Bombs in the BackyardAtomic Testing and American Politics$24.95Author: A. Constandina TitusFormat: Paper
Published Date: 2001
On January 27, 1951, the first atomic weapon was detonated over a section of desert known as Frenchman Flat in southern Nevada, providing dramatic evidence of the Nevada Test Site's beginnings. Fifty years later, author A. Costandina Titus reviews contemporary nuclear policy issues concerning the continued viability of that site for weapons testing. Titus has updated her now-classic study of atomic testing with fifteen years of political and cultural history, from the mid-1980s Reagan-Gorbachev nuclear standoff to the authorization of the Nevada Test Site Research Center, a Desert Research Institute facility scheduled to open in 2001. In this second edition of Bombs in the Backyard, Titus deftly covers the post-Cold War transformation of American atomic policy as well as our overarching cultural interest in all matters atomic, making this a must-read for anyone interested in atomic policy and politics.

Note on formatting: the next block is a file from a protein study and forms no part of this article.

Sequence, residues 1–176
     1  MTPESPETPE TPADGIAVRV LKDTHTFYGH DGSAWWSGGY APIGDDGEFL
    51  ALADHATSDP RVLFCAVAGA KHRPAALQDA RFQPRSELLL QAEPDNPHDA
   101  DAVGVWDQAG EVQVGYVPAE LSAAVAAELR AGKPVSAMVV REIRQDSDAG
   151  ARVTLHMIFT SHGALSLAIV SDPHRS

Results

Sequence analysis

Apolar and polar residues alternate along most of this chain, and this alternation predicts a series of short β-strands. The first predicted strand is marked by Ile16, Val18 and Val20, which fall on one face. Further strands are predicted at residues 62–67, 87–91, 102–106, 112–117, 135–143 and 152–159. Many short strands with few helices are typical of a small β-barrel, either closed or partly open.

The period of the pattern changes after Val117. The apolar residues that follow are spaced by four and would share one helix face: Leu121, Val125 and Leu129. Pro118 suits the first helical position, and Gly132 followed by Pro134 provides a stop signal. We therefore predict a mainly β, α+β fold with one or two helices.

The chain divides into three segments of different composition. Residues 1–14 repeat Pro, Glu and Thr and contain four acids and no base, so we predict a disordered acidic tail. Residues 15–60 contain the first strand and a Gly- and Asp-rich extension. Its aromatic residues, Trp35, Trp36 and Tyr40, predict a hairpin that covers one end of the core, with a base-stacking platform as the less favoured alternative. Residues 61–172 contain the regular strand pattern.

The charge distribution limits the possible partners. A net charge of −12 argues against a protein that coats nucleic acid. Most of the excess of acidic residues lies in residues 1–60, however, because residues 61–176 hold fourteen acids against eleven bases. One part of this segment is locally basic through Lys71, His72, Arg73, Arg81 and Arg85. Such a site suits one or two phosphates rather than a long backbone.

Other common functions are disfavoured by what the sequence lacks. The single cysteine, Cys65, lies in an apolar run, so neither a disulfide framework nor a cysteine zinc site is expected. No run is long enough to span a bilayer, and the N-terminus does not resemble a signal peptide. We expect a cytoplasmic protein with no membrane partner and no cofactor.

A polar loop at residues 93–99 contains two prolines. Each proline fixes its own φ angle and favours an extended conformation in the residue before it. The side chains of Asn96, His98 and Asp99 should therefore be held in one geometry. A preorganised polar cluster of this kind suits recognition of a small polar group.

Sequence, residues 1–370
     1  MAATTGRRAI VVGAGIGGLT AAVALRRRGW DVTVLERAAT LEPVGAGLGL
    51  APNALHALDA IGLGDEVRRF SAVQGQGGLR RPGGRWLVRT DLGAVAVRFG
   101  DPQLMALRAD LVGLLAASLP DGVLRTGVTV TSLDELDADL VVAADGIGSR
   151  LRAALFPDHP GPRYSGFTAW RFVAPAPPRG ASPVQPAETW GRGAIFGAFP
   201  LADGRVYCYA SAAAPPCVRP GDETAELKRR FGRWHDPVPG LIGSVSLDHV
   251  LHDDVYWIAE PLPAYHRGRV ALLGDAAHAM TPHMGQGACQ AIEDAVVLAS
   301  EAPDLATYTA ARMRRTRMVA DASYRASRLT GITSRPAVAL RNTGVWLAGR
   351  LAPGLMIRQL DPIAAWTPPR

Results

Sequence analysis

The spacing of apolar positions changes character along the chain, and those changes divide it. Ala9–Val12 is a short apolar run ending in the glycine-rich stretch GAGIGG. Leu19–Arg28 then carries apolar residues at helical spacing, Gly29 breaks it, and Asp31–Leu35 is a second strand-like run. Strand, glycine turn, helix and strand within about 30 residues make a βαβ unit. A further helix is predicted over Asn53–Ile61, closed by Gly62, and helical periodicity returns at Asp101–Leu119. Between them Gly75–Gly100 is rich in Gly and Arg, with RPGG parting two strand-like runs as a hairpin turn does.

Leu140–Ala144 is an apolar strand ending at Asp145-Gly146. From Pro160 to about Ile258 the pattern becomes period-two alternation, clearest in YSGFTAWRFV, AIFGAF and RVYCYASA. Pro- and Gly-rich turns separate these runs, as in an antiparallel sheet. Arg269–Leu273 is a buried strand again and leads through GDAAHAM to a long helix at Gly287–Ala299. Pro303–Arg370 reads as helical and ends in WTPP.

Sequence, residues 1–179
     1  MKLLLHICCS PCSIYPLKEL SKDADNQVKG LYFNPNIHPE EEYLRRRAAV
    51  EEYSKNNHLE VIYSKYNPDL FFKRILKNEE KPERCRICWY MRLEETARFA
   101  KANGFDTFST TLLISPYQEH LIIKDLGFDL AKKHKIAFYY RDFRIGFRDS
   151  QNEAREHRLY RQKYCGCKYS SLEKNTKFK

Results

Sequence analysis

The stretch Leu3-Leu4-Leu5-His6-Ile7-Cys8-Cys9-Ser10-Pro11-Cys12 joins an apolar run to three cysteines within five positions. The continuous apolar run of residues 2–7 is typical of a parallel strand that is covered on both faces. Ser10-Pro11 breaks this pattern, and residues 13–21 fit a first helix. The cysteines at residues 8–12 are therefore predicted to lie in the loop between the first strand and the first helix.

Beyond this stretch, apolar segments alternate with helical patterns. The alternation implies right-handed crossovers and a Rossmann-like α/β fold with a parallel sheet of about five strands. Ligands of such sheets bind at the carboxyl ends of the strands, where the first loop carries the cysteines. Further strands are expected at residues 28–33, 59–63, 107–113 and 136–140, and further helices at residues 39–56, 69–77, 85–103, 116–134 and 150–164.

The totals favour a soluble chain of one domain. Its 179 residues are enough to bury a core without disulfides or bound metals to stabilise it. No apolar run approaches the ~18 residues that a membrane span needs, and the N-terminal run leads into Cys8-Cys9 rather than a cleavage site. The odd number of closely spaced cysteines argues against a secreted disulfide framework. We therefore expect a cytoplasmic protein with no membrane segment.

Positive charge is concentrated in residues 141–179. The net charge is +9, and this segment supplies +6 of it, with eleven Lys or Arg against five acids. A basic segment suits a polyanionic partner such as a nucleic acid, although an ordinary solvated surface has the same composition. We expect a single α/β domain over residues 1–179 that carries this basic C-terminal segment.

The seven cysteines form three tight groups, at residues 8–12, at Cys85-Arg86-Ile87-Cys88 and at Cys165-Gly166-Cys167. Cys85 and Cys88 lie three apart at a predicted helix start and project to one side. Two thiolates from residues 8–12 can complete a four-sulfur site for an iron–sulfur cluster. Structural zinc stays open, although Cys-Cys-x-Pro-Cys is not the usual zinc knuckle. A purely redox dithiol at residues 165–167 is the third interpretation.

Dina Titus is a retired professor of political science at the University of Nevada, Las Vegas, where she taught for more than thirty years. She also represented the people of Senate District 7 in the Nevada Legislature from 1988-2009, serving as the Democratic Minority Leader from 1993-2009. In 2012, she was elected to the U.S. House of Representatives, where she currently represents Nevada’s 1st Congressional District.
"Titus tells this painful story with marvelous balance. She threads her way easily through the labyrinths of both the federal bureaucracy and the American legal system, and her explanations are models of lucidity. Bombs in the Backyard is directed primarily toward an academic audience, but the nation would be well served if it reached the public realm as well." —Ferenc M. Szasz, Nevada Historical Society QuarterlyNevada Historical Society Quarterly
"Titus's book is a short but complete examination of American atomic testing . . . it is a valuable addition to historical literature on the atomic age, providing scholars with well-documented, comprehensive history of U.S. atomic testing and the political and health issues which have emerged as a result." —Peter Neushul, Journal of the SouthwestJournal of the Southwest
"Titus's discussion of legal and legislative aspects of compensation holds special value because nothing really comparable exists." —Barton C. Hacker, SmithsonianSmithsonian